Another crisis concerns that of local governance vis-à-vis solid waste collection and disposal. The city of Shillong is divided into the Sixth Schedule zone, the Shillong Municipality zone, the Cantonment zone. The Shillong Municipality collects an annual tax from its denizens for executing certain work which is essentially to collect and dispose of garbage, provide clean water and electricity et al. The areas beyond the Municipality do not have a system in place because although they fall under the jurisdiction of the Sixth Schedule, the District Council does not have the human resource or the capital to double up as a suburban civic body. Every time the issue of cleaning up the city and its main rivers the Umkhrah and Umshyrpi comes up we hit a roadblock because the two rivers cannot be divided into jurisdictions. They both originate in places beyond the Municipal’s jurisdiction and then flow through areas within the Shillong Municipality where they are heavily polluted. So how do we build that convergence? How do we reach that turning point in our history?

The Shillong Municipal Board is not an elected body hence the Chief Executive Officer (CEO) is accountable to the Urban Affairs Minister and not to Ward Commissioners who would have taken up the responsibility of fixing up things down to the last mile. And why don’t we have elected Ward Commissioners? Because we are paranoid that some non-tribal would be elected from some of the wards and the Dorbar Shnong would lose traction. As usual no government has had the spine to see that elections are held, not for the purpose of wielding political power but to deliver civic governance. The complete failure of civic governance is there for all to see. You have hawkers setting up shop wherever they want to and without as much as a permission from anyone. We are witnessing the collapse of governance at the cutting edge because if garbage is piling up everywhere; if septic tanks empty themselves into rivers; if viewpoints across the state become markets where garbage is left to rot and no one takes responsibility then we don’t have basic governance. How can we expect government to deliver on bigger issues?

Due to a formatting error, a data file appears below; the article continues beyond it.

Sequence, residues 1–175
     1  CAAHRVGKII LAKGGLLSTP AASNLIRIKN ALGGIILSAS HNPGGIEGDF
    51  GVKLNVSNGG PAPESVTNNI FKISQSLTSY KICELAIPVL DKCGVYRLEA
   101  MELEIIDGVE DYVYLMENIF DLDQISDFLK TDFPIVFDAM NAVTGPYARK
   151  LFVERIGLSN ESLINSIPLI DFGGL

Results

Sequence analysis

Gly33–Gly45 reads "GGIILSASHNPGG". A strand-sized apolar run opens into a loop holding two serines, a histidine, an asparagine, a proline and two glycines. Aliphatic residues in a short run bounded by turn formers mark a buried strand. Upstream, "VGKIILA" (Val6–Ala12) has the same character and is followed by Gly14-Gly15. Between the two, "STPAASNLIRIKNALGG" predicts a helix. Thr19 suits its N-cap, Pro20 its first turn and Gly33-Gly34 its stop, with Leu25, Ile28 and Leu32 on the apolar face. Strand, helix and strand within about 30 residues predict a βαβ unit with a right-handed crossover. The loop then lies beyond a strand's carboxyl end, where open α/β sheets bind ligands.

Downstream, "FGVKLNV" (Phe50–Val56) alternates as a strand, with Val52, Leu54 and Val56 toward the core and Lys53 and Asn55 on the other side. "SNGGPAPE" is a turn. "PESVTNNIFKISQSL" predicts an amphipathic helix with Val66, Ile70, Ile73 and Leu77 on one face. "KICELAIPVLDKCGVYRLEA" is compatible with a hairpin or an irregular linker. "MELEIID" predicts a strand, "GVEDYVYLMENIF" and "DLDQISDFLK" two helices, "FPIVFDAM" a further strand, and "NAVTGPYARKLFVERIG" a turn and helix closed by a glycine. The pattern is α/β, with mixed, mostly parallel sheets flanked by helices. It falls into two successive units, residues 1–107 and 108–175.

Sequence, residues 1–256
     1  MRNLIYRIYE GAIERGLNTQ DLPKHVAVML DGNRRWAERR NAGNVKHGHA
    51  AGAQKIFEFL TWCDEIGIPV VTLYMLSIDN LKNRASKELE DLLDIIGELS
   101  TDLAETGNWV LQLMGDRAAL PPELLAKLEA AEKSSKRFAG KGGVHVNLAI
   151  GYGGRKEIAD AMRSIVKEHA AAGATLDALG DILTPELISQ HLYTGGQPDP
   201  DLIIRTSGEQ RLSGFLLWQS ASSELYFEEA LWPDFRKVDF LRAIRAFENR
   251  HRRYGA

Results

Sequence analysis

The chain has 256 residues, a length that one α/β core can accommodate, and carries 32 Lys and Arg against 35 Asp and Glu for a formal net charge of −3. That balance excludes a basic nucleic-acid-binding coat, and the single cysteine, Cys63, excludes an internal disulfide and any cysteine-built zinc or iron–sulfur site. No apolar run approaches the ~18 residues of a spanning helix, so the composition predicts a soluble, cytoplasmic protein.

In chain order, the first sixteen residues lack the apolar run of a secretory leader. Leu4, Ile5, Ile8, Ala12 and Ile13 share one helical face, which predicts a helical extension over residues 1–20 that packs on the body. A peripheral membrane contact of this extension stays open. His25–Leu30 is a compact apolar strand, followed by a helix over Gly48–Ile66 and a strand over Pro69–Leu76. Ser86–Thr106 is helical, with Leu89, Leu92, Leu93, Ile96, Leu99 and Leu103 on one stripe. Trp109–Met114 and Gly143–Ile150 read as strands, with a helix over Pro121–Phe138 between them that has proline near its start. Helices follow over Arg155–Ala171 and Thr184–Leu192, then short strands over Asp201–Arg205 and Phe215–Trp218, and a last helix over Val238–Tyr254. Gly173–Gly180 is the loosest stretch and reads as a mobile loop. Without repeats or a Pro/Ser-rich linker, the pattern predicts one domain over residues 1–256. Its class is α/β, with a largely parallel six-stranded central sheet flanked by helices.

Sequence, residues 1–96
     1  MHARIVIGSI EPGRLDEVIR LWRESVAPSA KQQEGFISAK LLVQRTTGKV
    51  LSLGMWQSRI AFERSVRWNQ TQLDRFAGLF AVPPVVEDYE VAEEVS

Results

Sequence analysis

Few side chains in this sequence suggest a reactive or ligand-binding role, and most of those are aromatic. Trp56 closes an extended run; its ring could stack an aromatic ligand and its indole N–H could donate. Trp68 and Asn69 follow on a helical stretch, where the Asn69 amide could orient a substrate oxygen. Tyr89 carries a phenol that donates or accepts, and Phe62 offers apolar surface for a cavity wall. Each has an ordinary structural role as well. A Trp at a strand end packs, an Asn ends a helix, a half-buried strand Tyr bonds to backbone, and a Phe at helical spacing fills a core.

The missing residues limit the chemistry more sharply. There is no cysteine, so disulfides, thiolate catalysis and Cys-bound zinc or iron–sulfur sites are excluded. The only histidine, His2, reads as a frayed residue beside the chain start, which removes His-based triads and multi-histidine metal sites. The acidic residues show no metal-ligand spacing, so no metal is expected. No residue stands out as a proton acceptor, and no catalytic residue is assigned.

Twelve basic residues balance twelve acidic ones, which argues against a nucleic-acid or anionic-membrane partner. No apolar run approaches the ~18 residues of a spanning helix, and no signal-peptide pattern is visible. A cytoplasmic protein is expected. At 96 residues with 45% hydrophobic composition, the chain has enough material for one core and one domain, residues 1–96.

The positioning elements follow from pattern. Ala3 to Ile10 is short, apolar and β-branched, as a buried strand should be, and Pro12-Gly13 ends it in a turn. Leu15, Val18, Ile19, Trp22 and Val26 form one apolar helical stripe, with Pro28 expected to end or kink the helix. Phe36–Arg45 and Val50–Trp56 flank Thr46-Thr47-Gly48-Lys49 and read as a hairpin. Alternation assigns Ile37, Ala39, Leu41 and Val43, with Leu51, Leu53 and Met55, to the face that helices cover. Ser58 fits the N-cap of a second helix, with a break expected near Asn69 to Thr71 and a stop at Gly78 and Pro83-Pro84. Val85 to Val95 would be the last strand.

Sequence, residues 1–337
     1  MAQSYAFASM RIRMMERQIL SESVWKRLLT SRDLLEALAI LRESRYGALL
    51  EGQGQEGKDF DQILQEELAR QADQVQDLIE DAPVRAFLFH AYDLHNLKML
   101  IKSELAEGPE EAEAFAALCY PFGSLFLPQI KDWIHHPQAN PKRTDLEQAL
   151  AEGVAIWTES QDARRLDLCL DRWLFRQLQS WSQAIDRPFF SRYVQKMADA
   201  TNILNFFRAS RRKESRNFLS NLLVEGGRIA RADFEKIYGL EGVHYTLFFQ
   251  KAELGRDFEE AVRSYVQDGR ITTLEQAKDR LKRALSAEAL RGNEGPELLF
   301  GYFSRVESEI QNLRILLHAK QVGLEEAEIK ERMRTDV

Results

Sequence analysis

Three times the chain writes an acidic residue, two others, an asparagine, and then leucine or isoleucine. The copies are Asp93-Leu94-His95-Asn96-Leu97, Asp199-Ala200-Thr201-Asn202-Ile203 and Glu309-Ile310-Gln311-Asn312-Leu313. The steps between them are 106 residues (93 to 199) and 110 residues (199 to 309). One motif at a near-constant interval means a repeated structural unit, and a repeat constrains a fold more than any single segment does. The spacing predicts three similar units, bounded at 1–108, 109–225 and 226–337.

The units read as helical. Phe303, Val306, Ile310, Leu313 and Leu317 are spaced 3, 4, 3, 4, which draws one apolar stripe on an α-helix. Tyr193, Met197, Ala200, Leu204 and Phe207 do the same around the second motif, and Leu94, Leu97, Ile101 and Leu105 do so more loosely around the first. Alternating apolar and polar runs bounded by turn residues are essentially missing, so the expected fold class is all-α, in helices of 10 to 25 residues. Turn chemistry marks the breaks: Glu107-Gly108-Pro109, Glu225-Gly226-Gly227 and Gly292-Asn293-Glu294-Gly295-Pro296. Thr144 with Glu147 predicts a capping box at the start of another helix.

We are at a point when society needs coping methods. But how does society interface with the state? What are the societal institutions that have been created over the decades? At one time the Dorbar Shnong was supposed to be that social institution, (albeit male-centric) where politics was kept at bay and all, no matter how poor had an equal voice. This has now changed. Despite the march of time women are still not allowed to contest elections to the Dorbar Shnong. But this institution has also been appropriated by the political system since the MLA implements the MLA schemes through the Dorbar Shnong. Over time the poor are alienated from the Dorbar and have lost a valuable platform to air their grievances against the state. We have not developed a robust civil society to engage on an equal footing with the state, hence the state continues to implement development schemes that exacerbate out anxieties instead of alleviating them.

Let’s also not pretend that the tribes today are as cohesive as before. We are divided by social classes and the sense of community is therefore a fallacy. There is urgent need to build social institutions that can continuously give feedback to the state and which transcend partisan politics.  Failing this we will sink into a deep morass of governance failure at the grassroots instead of rising to the occasion and building coping mechanisms to deal with the crisis.